Belgian director Nicolas Graux wins award for ‘Passée L’aube’
After Dawn (Passée L'aube), a short film by Brussels director Nicolas Graux about the non-acceptance of LGBT people in Poland, won an award at the International Film Festival in Namur. Actor Tijmen Govaerts from Mechelen won the award for Best Acting. He received the prize with his Polish fellow actor Piotr Biedron by his side.
We had a chat with the director. Listen to and read the interview below.
Why did you want to make this movie?
This movie is based on a personal story, actually. The story could take place anywhere in the world, but the film is set in Poland. That's because of the love story I experienced there myself. That story left me marked with very strong emotions, some of which I wasn’t even aware myself.
Can you tell me what the movie is about?
The movie tells the story of Pawel, a young, Polish guy in his twenties who lives in a flat with two girls. Pawel receives an unexpected visit of someone that he'd rather not have in his house.
We find Pawel in a strong tension of anxiety because of this visitor. What I really wanted to show, was the strong grip of shame that confines my character’s life, turning it into an anxious environment. That leaves the character being unable to respond to feelings such as love, tenderness, affection and desire even when they are right in front of him in the person of his visitor.
The entire film is based on the actors’ performance. It couldn’t have been made without them.
The movie won an award. How did that make you feel?
Yes, the movie received the award for best acting at the Festival du Film Francophone in Namur which I’m very proud of and I’m happy for both my actors because it was a double award: both of them won the prize for best acting.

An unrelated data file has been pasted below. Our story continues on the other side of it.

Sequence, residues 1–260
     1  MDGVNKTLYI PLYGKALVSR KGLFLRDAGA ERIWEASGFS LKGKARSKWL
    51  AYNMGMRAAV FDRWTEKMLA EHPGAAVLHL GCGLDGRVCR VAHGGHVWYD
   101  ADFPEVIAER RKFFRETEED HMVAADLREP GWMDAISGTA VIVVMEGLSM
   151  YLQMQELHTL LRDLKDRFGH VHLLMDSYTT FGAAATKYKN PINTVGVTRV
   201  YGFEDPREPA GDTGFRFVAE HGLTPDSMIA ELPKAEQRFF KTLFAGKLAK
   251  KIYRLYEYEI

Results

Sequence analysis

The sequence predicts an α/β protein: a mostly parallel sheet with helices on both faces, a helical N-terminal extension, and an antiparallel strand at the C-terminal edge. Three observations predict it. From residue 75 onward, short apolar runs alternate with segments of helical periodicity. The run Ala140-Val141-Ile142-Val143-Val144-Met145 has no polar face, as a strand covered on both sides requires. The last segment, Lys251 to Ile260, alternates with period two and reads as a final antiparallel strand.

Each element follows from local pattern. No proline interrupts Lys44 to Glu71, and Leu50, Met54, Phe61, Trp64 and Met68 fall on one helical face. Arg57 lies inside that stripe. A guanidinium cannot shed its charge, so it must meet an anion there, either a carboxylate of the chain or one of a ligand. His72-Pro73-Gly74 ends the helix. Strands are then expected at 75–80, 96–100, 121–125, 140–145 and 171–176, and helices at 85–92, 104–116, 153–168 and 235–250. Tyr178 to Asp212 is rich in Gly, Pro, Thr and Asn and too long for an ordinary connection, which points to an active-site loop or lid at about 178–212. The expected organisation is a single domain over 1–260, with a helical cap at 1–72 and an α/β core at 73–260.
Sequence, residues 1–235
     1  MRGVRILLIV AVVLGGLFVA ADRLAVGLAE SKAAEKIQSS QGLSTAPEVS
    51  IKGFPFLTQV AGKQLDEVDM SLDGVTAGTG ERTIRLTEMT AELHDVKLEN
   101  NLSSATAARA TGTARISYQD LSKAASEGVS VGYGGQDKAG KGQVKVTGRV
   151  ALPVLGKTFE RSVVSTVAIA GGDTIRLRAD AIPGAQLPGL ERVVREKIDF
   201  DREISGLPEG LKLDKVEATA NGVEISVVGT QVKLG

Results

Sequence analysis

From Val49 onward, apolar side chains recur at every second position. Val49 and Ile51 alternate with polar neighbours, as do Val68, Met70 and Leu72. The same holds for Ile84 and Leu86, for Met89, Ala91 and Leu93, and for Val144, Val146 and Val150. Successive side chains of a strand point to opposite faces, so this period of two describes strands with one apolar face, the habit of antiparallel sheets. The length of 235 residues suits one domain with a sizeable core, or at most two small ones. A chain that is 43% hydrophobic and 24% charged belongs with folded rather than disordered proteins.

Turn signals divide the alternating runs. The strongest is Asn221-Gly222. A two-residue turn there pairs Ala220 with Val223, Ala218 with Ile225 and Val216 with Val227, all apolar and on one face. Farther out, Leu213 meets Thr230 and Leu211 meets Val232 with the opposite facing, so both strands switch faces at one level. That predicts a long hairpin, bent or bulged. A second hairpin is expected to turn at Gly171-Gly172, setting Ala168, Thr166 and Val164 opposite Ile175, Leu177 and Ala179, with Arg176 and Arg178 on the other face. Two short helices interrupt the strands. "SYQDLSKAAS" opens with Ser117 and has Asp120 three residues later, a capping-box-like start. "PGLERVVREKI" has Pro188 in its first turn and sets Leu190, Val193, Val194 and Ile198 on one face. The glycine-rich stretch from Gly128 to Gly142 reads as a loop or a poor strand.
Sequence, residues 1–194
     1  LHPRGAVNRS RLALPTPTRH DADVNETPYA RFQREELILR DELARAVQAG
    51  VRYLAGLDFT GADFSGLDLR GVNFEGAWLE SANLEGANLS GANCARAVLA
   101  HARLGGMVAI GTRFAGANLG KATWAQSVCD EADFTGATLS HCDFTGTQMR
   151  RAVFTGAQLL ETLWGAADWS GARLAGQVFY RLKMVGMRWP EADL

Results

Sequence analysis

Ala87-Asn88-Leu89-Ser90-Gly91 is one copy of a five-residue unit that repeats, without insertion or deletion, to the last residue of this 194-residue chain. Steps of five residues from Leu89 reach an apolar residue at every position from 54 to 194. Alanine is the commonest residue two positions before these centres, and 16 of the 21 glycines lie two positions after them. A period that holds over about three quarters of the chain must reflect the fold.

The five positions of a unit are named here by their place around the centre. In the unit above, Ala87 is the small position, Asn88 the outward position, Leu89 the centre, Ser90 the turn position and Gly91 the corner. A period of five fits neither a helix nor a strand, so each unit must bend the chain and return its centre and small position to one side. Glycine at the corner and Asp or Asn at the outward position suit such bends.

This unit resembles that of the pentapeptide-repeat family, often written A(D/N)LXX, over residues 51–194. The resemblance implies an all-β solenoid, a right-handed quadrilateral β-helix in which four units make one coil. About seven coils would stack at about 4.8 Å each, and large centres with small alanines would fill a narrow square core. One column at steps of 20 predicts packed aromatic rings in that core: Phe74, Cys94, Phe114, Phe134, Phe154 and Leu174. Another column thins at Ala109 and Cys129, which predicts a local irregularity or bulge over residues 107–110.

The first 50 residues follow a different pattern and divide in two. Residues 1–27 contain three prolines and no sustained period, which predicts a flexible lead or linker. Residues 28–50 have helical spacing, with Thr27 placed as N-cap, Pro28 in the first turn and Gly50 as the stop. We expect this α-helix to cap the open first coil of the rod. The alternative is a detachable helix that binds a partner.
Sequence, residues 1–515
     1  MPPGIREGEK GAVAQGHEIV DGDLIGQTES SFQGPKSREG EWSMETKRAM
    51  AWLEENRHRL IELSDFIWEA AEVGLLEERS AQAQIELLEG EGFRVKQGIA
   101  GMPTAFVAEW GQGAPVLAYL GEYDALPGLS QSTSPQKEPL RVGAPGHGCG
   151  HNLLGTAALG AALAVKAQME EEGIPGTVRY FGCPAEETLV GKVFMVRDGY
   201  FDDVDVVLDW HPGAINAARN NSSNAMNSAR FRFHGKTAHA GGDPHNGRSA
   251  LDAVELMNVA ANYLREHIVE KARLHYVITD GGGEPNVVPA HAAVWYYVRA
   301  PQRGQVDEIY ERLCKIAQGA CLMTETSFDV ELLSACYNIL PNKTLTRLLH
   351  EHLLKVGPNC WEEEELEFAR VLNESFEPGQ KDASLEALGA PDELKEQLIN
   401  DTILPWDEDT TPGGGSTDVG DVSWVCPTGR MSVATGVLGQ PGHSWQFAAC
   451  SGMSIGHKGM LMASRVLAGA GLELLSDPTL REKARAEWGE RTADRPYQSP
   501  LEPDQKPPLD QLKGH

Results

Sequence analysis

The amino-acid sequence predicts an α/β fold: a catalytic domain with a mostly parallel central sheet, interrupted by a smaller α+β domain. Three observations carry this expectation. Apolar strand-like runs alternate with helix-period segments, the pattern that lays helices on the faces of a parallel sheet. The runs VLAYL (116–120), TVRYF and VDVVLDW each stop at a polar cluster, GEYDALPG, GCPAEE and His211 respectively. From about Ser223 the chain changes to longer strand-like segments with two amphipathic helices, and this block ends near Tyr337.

For me, that was really great news, the entire film is based on the actors’ performance. It couldn’t have been made without them. We needed this kind of chemistry between them for the audience to believe in their relationship and I think we've achieved that. I’m very grateful that the jury at the festival recognized this quality.
This was a short film, do you have other projects planned?
I've been working on a long feature documentary movie for five years now. It’s a very long piece of work for me.
Is it difficult for a director in Belgium to work and to make a movie?
It’s a long process because you usually start alone. You start writing, trying to translate your ideas into something that is filmic, something that is readable by others as well. Sometimes you start from complete chaos.
It’s like a long test. You can't give up and really have to keep on believing in what you’re doing, even if your project gets rejected by the film commission. You need to really keep faith in it.
And then, if the project that you’ve been working on so hard actually gets financed. That's really rewarding.
The short film will be screened in cinema galeries in Brussels in December. Keep an eye out for the specific dates! Monday, the 11th of December, the movie will be screened in Mechelen.